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STEP Conferences began in the 1960s with Northwestern University’s Special Therapeutic Exercise Project (NUSTEP) held in Chicago in the summer of 1966. The federally funded project brought together basic scientists and physical therapist faculty to address science and theories that were promoting a paradigm shift in the physical therapy profession. At that time greater emphasis was being placed on the treatment of individuals with neurologic disorders, particularly those with spinal cord injury, stroke, or cerebral palsy. Therapists had begun to use principles of neurophysiology and developmental science as underpinnings for “Newer approaches” to therapeutic exercise in their treatment of children and adults with these conditions. Thus began a series of conferences, held primarily when paradigm shifts in physical therapy practice warrant reconsideration of scientific foundations for the treatment of movement dysfunction in individuals of all ages.

The purpose of this e-book is to provide the proceedings from the fourth STEP Conference (IV STEP), hosted by Ohio State University (OSU), in Columbus, Ohio, in July 2016, 50 years after the initial STEP conference. More than 700 participants gathered on the OSU campus to consider paradigm shifts in 4 areas influencing pediatric and neurologic physical therapy practice: Prediction, Plasticity, Prevention and Participation. The broad diversity of topics discussed share a common denominator as all relate to the human movement system.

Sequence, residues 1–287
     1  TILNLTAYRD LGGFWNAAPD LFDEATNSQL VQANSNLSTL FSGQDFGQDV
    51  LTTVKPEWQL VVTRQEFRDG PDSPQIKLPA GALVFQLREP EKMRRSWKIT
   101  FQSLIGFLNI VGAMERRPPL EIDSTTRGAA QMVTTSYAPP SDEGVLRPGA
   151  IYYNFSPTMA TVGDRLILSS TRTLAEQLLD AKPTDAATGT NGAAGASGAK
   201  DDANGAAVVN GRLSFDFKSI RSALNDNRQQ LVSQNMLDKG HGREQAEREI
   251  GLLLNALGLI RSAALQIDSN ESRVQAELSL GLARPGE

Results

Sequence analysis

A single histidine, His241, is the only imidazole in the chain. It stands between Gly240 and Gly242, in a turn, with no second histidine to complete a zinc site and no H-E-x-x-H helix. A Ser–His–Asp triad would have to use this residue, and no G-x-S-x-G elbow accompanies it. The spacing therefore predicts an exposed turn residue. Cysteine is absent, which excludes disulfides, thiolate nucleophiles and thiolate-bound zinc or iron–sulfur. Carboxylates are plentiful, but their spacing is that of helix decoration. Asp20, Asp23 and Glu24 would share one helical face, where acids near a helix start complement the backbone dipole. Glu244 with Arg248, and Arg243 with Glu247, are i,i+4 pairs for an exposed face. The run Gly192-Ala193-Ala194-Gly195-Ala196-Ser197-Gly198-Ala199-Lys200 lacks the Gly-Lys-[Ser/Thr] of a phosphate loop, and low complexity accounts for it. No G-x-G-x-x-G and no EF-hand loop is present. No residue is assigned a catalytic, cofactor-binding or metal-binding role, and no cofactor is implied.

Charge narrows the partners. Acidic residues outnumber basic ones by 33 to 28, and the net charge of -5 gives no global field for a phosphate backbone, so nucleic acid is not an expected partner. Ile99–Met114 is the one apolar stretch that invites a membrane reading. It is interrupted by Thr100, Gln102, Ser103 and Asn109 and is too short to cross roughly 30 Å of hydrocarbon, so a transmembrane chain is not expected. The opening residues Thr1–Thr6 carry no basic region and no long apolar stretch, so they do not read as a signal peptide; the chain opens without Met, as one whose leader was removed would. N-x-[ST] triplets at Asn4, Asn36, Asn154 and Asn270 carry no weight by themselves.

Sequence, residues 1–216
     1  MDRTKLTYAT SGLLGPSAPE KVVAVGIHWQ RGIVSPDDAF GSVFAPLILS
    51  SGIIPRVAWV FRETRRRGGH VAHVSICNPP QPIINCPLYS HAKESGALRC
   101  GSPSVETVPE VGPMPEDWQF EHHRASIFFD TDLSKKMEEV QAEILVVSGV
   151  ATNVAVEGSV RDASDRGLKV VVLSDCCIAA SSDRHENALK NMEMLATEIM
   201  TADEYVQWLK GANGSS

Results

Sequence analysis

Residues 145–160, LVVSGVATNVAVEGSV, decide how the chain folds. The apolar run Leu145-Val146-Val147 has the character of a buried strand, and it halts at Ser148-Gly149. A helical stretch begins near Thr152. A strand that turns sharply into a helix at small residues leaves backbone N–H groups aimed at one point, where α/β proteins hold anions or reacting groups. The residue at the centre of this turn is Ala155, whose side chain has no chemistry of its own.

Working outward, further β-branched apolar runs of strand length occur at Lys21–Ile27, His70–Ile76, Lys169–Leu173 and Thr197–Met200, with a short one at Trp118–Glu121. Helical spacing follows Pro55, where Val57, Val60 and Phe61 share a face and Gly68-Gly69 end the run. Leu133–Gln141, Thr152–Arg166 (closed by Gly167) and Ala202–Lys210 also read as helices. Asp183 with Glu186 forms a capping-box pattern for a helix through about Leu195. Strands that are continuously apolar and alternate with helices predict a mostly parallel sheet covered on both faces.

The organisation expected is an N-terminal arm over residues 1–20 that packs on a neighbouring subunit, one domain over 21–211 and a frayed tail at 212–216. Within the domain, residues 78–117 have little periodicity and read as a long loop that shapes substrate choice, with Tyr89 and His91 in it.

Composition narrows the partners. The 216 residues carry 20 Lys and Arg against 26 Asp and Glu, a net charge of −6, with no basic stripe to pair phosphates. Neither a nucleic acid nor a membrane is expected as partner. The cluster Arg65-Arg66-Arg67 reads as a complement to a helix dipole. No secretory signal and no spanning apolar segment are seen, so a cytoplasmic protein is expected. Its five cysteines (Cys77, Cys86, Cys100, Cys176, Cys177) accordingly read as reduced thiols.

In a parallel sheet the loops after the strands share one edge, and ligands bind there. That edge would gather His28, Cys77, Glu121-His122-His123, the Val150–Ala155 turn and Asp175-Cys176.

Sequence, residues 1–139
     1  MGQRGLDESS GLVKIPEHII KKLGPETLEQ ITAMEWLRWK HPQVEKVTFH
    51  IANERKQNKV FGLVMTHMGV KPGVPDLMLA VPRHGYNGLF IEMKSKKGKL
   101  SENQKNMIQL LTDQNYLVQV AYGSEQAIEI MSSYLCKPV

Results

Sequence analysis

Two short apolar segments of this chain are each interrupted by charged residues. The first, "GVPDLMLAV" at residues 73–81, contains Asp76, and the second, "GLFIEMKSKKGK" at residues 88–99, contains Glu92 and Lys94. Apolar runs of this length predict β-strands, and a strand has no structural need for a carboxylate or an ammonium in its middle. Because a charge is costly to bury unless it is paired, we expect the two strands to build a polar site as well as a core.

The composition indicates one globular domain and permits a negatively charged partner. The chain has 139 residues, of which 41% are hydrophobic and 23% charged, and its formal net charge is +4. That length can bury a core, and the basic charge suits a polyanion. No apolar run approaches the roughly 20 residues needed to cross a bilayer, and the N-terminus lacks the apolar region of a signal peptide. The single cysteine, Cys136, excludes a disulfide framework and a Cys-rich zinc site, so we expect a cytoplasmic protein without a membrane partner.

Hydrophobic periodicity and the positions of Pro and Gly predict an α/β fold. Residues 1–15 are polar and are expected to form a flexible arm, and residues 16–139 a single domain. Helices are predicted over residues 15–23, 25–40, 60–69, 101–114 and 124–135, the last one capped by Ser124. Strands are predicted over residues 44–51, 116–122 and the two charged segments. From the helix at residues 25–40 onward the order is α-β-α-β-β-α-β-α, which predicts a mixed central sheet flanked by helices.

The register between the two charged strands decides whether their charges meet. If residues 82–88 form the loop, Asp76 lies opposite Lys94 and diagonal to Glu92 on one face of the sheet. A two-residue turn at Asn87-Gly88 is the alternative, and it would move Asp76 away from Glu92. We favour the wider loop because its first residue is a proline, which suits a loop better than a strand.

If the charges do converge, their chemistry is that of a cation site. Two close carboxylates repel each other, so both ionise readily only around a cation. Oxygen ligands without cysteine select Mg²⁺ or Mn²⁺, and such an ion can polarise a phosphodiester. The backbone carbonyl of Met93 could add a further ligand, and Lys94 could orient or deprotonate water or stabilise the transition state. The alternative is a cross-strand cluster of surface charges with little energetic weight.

The conference schedule offered mornings of plenary speakers and afternoon sessions provided opportunity for discussion of the information presented in the morning. Neurologic and Pediatric Physical Therapy Residency Programs developed video case materials to serve as a basis for conference participants’ smaller group discussions of the information presented by the plenary speakers. In these afternoon sessions, the Residency Program directors and residents took the lead in unfolding the clinical cases, and professional leaders served as Moderators and Facilitators of the discussions that followed.

Although this book does not capture the rich discussion that ensued in these afternoon sessions, a narrative of each case is included here and the vast majority of the case narratives include links to the PowerPoint and the video materials presented to IV STEP participants. It is the intent of the conference planning committee to promote ongoing discussion of the materials presented at IV STEP, and particularly to engage physical therapist students in the plenary session content and discussion of the cases provided in this book.